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'Highlander's Gathering approaches: Futurist predicts human immortality by 2030

Maybe there can be more than one.

By Cassidy Ward
Blastr to the Past: 30th Anniversary 'Highlander' Facts

In 1985, New Yorkers at the famed Madison Square Garden were enjoying a thrilling professional wrestling battle. Characters larger than life faced off, hoping to become the reigning champion, the last man standing. While the crowds were roaring and the sweat pumping, the real show was happening in a nearby parking garage, where old enemies Connor MacLeod and Iman Fasil fought for the only title that really matters: the one that lets them live.

MacLeod and Fasil engage in a sword fight, because that’s what you do in New York City parking garages, and MacLeod cuts Fasil’s head off. That might seem like an overreaction, but these dudes have history. Someone was going to lose a head. In response to his decapitation, Iman violently releases a few gallons of blood alongside bizarre lightning cracks of energy which wash MacLeod in a furious and destructive light.

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Through flashbacks, we see that MacLeod has been alive for centuries. He, alongside a smattering of others, are immortals doomed to battle one another throughout time. Their seemingly endless battle is all in the hope of earning The Prize, the collective power of all immortals. The only way to get it, however, is to kill all the rest. After all, there can be only one.

You can catch Highlander streaming now on Peacock, but you needn’t retreat to fiction to find tales of immortality. Those are floating around in our real-world headlines. The futurist, inventor, and former Google engineer Ray Kurzweil is back in the news for a prediction he made about the expected lifespan of people living today. According to Kurzweil, if you can stay alive for the next seven years, you might get to live forever, and you won’t have to behead a single person to do it.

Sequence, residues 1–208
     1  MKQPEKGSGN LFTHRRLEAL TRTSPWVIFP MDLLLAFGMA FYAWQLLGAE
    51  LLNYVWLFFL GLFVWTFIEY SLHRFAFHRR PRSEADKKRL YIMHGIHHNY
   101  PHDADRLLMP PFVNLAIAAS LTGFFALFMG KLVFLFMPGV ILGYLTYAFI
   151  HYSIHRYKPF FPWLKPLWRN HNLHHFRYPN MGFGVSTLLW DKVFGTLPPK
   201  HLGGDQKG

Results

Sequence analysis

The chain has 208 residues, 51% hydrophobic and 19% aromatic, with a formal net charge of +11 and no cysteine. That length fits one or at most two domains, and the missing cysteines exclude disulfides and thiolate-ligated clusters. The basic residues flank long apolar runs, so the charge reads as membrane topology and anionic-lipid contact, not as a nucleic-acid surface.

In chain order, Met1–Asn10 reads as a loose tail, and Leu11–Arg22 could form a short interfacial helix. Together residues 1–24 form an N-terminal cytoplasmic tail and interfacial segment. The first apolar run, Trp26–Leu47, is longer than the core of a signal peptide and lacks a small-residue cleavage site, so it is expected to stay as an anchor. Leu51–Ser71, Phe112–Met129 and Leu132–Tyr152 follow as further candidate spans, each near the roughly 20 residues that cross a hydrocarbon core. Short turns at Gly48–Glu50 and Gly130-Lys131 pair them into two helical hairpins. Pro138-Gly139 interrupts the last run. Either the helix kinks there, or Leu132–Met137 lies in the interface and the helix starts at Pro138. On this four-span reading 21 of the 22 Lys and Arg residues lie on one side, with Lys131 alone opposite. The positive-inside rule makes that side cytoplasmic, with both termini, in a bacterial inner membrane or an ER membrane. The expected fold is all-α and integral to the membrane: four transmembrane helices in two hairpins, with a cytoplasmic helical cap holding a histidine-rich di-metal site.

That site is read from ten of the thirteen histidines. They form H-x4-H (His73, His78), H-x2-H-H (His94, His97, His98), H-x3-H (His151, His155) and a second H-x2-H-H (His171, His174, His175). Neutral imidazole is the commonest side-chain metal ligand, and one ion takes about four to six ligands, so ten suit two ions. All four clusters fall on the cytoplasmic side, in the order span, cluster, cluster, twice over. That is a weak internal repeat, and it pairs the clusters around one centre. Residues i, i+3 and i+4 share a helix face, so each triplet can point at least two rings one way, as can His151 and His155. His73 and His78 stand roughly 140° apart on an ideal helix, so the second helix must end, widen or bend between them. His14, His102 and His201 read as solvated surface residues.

Kurzweil has made a career of making predictions about the future of technology that turn out to come true a good percentage of the time. By some estimates, his accuracy is somewhere around 86%, with most of those predictions having fully come true and a small number having mostly come true. In the ‘90s, Kurzweil predicted that most people would use portable computers by 2009, digital media would largely replace physical media, wireless technologies would become common, and virtual eLearning. All of those things happened, at least to a degree, but one could argue that anyone paying close enough attention in the ‘90s might have made the same predictions.

He's also had some significant misses. Kurzweil predicted that telephones would be able to translate conversations between languages in real time and that self-driving cars would be ubiquitous. Whether that last prediction has come true or not is really a matter of opinion. Self-driving cars certainly exist, but you can’t exactly say they are commonly used. Some proportion of his allegedly accurate predictions require you to do a little bit of mental gymnastics in order to give him credit.